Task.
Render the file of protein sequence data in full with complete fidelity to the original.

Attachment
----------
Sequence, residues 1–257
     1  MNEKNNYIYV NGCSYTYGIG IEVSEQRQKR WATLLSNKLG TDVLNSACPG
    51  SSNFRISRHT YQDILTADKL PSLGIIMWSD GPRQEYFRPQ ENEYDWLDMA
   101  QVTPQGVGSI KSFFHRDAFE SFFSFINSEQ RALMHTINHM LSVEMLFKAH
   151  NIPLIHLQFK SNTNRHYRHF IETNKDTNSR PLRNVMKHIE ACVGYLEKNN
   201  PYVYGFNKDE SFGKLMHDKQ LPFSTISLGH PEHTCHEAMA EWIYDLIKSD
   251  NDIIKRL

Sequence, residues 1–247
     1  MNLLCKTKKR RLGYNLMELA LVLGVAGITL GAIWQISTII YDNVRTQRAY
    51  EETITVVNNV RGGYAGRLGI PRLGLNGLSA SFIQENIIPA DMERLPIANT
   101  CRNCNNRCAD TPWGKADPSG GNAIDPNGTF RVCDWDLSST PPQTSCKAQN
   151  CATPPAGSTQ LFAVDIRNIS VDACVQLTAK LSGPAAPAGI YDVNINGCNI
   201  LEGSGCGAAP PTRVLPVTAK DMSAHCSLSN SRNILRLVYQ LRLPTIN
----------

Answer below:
Sequence, residues 1–257
     1  MNEKNNYIYV NGCSYTYGIG IEVSEQRQKR WATLLSNKLG TDVLNSACPG
    51  SSNFRISRHT YQDILTADKL PSLGIIMWSD GPRQEYFRPQ ENEYDWLDMA
   101  QVTPQGVGSI KSFFHRDAFE SFFSFINSEQ RALMHTINHM LSVEMLFKAH
   151  NIPLIHLQFK SNTNRHYRHF IETNKDTNSR PLRNVMKHIE ACVGYLEKNN
   201  PYVYGFNKDE SFGKLMHDKQ LPFSTISLGH PEHTCHEAMA EWIYDLIKSD
   251  NDIIKRL

Sequence, residues 1–247
     1  MNLLCKTKKR RLGYNLMELA LVLGVAGITL GAIWQISTII YDNVRTQRAY
    51  EETITVVNNV RGGYAGRLGI PRLGLNGLSA SFIQENIIPA DMERLPIANT
   101  CRNCNNRCAD TPWGKADPSG GNAIDPNGTF RVCDWDLSST PPQTSCKAQN
   151  CATPPAGSTQ LFAVDIRNIS VDACVQLTAK LSGPAAPAGI YDVNINGCNI
   201  LEGSGCGAAP PTRVLPVTAK DMSAHCSLSN SRNILRLVYQ LRLPTIN